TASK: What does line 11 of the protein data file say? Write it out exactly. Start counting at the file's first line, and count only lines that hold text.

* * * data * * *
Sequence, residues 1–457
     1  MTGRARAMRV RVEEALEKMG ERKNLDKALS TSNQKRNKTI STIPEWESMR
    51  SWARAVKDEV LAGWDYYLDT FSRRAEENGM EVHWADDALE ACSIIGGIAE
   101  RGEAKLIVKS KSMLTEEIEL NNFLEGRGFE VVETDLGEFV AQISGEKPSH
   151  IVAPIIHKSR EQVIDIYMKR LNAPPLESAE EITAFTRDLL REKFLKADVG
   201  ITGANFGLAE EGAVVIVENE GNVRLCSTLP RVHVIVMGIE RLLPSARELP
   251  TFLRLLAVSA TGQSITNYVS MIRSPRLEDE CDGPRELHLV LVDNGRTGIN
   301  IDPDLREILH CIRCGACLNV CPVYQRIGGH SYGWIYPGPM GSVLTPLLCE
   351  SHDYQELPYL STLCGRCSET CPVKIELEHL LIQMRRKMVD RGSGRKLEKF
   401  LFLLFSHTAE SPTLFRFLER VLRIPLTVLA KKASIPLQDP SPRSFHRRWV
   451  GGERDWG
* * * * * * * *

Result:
   451  GGERDWG